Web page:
2018 World Track Championships Round Up!
World Track Champs’18: Between Ed Hood’s trips to Belgium for Het Nieuwsblad and watching Strade Bianche on TV, he has also had time to keep one eye on the UCI World track championships in Holland. Ed gives us the full run-down on who was hot and who was not and the equipment at the ‘Rainbow’ championships on the boards of the Apeldoorn velodrome.
Lots of ‘Rainbow’ jerseys on offer
The World Track Championships, no longer do we anticipate the road ‘greats’ riding the pursuit or points – or the pro sprinters battling for the rainbow jersey which would bring big start money on the Grand Prix circuit. You’ll never see a GVA or Sagan on a track in this era and there’s no Grand Prix circuit – the World turns. . .
Apeldoorn track was busy
But if you love track racing then the Worlds is where it’s at; held this year on the neat – but not renowned as quick – bowl at Apeldoorn in The Netherlands. Despite its reputation as not being the fastest, the male sprinters were qualifying sub 10 seconds, Chloe Dygert broke the world record for the ladies individual pursuit and the kilometre podium was out of this world with all three medallists going under the magical minute.
Not only Dutch fans
Before we think about who did what, let’s look at the ‘tech.’
The GB team pursuiters have moved from those UKiS (United Kingdom Institute of Sport) ‘stealth’ bikes, the brain child of Greek engineering maestro Dimitris Katsanis and into a collaboration with Cervelo. It’s hard to get anyone to say much about them – official secrets act and all that – but all agree that they are stiff, aero and fast. There were rumours that there all manner of sensors built in to them to aid British Cycling in their never ending hunger for data – but we didn’t tell you that.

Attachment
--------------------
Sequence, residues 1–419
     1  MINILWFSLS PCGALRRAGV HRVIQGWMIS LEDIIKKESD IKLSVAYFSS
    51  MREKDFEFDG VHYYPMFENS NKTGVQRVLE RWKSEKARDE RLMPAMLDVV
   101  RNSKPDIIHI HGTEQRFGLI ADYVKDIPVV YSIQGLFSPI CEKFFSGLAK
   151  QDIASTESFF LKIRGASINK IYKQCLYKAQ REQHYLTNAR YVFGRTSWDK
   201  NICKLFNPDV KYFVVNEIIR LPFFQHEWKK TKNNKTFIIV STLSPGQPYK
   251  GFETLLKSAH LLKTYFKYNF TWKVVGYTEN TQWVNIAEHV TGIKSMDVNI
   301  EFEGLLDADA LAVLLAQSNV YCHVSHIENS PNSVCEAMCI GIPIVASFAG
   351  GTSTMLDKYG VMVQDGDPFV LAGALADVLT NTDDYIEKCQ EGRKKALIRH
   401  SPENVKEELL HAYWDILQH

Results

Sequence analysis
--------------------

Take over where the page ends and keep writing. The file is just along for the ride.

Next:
Wide forks on the Felt
The USA too have gone into collaboration with a major ‘aero’ pioneer, Felt – who have ‘thought right outside the box’ and placed the chainset on the left hand side of the bike. There’s aerodynamic theory behind this but the bike isn’t just about a left hand side drive train, the frame is asymmetrically designed to take best advantage of the perpetual ‘turning left.’ The hubs are narrow, the seat stays come in very low and the chainset is a Metron ‘solid’ model – all in the interests of wind cheating. Felt claim a huge 3.5 second advantage over a four kilometre team pursuit.
Big chainring, small cog
Both bikes also support the trend towards ‘super large’ chain rings, again it’s a feature no one wants to engage about but once the bike is rolling there’s certainly a ‘flywheel’ effect coming in to play with the big rings. We did notice however that Felt have gone away from their ‘over size’ fork crown design which allowed the air to pass through the crown rather than encourage it around the crown. It’s hard to keep up in the ‘aero arms race’ – Tokyo 2020 will be fascinating.
Many were using strange shape bars
Handlebars we note get ever narrower on the ‘aero altar’ – back in the 70’s and 80’s we all rode wide bars to ‘open up our chest for good breathing.’ Many bikes display very shallow ‘bars whilst GB have those super-expensive carbon ‘cranked’ jobs on their sprint and bunched bikes which place the wrists behind the ‘bar.
Those socks must go!
And it’s because new fabrics are better at cheating the air than skin that we have all those ‘soccer socks’ – when I head the UCi tech committee those are the first things I’ll outlaw. The wind tunnel may say, ‘fast’ – I say, ‘ugly !’
Jan van Schip
# Bad Luck and Disappointments:
Big Aussie, Matthew Glaetzer and Germany’s Joachim Eilers in the keirin 7th to 12th place ride off? Like that morbid song from a year or two ago said; ‘I wasn’t expecting that.’ And Jan van Schip of The Netherlands must be ruing that rogue bike which bounced across the boards after a crash, decked him, made him miss out in one of the sprints in the omnium points race which may well have cost him a gold medal. No gold then for the big Dutchman but he took home two silvers, one from the omnium and one from the points race.
USA team with chainset on the left
# Business as Usual:
Those USA girls took full advantage of the fabulous Felts mentioned above to win the team pursuit, carrying on from their 2017 win. With team pursuiter supreme, Ed Clancy at the helm GB captured another wardrobe full of rainbow jerseys but they’ll have noticed that both Denmark (silver) and Italy (bronze) rode 3:54 during the competition to their best of 3:53. And bear in mind that for the Aussies, who didn’t field a team for whom – ‘it’s all about the Commonwealth Games on the Gold Coast next month.’
Ed Clancy and the boys
Germany continued their domination of the ladies’ sprint events with multiple medallists Miriam Welte and Kristina Vogel pairing up to win the team sprint with Welte winning the 500 metre time trial and Vogel the individual sprint.